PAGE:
Spoon: What’s been your biggest difficulty with moving the business to Canada?

Tareq: I think there was no difficulty in moving the business to Canada. I think the main problem was that my father had to get started with no capital. He came here with nothing when the factory was bombed.

If you have to leave the country, you are not able to take anything with you, even the cash that you have in your city. We only took our suits with us. We started like new born babies from nothing. When he arrived here, there wasn’t difficulty because there was so much support. My father didn’t expect that when he left.

My father was also afraid because the Syrian way of making chocolate is different from the western way. When he left Lebanon, he was afraid that people here wouldn’t like his chocolate. But when he arrived here, he went to a potluck in town and he brought around 200 pieces of chocolate, and they were all gone within 5 minutes.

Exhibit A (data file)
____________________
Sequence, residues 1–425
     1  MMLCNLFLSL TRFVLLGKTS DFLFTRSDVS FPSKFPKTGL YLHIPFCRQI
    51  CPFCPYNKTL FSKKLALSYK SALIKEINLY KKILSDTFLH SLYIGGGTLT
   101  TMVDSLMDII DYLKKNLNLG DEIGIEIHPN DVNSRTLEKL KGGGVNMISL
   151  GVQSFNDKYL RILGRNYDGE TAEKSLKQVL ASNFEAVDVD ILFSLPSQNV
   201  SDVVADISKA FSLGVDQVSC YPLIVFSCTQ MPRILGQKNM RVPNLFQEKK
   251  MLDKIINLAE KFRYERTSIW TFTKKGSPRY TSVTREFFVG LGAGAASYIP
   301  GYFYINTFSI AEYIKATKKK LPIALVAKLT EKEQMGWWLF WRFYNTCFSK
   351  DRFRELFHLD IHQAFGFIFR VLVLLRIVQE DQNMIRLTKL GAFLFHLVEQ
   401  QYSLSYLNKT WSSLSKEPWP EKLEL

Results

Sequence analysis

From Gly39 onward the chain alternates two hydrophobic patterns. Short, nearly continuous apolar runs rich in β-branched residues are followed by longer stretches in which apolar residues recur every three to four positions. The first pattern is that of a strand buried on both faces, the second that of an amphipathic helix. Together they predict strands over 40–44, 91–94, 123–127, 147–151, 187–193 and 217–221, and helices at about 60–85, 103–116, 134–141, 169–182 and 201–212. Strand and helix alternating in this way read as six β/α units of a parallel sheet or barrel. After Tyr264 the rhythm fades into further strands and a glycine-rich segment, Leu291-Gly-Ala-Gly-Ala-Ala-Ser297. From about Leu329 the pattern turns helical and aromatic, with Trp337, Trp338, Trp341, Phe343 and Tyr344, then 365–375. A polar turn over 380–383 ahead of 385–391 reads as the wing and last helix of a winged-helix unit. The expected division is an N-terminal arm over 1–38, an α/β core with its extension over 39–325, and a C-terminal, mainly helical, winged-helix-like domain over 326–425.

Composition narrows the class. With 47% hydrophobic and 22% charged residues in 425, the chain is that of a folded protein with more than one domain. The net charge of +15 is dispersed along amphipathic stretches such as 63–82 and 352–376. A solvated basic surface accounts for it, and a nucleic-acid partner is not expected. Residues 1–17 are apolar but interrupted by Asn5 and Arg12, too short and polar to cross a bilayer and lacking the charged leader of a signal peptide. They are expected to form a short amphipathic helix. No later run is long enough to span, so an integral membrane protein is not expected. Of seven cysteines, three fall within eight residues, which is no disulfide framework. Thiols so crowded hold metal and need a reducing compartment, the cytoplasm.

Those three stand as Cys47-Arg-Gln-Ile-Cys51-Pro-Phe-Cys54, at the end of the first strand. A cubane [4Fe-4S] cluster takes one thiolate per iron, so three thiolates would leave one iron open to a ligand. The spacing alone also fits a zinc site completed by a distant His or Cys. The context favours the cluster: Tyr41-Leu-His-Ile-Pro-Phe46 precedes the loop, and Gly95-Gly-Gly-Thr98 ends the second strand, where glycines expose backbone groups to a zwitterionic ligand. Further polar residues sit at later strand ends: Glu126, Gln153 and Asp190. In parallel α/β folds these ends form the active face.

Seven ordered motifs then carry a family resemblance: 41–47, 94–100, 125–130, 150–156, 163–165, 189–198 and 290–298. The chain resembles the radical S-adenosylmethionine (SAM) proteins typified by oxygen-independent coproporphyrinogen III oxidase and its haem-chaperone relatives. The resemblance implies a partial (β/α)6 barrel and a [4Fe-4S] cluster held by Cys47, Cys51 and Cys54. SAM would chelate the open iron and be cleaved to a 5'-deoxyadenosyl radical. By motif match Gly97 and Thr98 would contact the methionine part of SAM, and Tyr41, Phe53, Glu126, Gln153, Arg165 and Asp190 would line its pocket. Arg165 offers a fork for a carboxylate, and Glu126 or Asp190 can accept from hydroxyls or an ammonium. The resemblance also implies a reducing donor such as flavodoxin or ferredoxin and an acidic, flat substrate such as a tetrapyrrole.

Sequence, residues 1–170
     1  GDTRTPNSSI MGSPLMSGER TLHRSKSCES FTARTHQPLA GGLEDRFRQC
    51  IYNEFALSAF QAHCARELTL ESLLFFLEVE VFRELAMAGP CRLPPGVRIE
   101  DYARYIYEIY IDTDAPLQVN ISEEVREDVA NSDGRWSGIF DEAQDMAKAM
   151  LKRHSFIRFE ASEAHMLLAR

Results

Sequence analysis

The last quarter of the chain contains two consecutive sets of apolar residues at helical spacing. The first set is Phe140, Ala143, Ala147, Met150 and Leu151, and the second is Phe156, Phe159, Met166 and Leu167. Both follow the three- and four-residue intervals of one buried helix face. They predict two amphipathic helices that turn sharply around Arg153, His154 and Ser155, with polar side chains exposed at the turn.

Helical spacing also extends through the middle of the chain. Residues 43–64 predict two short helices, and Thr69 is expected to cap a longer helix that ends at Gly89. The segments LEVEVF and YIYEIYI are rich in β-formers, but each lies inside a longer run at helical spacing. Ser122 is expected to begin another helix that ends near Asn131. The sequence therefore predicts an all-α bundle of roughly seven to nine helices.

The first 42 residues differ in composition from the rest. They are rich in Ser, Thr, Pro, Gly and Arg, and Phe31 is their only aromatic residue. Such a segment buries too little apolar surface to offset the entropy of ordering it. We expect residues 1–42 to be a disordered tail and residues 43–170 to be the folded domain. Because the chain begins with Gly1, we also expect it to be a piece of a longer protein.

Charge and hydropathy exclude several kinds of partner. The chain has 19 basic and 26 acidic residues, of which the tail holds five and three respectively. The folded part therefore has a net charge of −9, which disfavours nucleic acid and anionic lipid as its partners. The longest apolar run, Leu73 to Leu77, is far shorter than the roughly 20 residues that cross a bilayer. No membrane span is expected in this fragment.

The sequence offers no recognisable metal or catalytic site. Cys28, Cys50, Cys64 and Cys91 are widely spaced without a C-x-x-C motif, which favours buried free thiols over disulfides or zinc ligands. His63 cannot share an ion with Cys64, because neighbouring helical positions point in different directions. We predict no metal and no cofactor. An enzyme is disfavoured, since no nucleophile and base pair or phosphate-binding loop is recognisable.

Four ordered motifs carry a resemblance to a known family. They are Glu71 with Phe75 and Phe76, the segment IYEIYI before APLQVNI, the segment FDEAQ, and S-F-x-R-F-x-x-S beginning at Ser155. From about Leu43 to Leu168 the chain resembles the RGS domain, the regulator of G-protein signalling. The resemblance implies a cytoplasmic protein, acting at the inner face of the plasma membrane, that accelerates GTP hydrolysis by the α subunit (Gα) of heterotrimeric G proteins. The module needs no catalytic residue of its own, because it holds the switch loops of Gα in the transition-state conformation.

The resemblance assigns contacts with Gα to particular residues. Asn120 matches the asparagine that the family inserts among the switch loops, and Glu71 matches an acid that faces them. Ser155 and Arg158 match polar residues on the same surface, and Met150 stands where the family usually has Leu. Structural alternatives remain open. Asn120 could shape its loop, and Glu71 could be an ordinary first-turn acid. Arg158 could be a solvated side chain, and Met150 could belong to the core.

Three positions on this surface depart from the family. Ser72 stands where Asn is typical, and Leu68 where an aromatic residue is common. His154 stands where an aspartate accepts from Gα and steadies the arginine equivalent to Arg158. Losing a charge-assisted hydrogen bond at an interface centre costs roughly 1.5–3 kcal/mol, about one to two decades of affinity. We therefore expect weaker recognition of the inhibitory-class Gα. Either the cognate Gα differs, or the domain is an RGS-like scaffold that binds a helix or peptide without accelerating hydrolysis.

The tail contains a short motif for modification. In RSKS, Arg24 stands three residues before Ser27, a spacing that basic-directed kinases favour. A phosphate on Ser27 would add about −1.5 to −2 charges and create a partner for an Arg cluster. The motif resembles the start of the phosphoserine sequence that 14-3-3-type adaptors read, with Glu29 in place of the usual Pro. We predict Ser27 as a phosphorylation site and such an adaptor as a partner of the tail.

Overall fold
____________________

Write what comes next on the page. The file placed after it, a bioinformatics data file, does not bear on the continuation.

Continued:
This was a very encouraging start for him. People said to him “keep going.” He thought that making chocolate in the house wasn’t a good idea because of possible contamination, so he said he wanted a certified kitchen. He tried to figure out how to put one in the basement, but it was so small that he decided to move outside to this small shed. 

Fifty people from town volunteered to help—anyone who had something to offer offered it, and then the shed was done after one month. After that, we had the grand opening. That was really a huge turnout for the business.

Razan Kawar

Spoon: When was your grand opening?

Tareq: August 10th. We didn’t think that it would get a lot of attention. We invited a few of our friends, maybe 30, and then 150 people came. The covering by the local media reached Halifax and then the whole country. Since then we have had special orders for weddings, events in Halifax, professional conferences at StFX, and national gatherings in Ottawa and Toronto.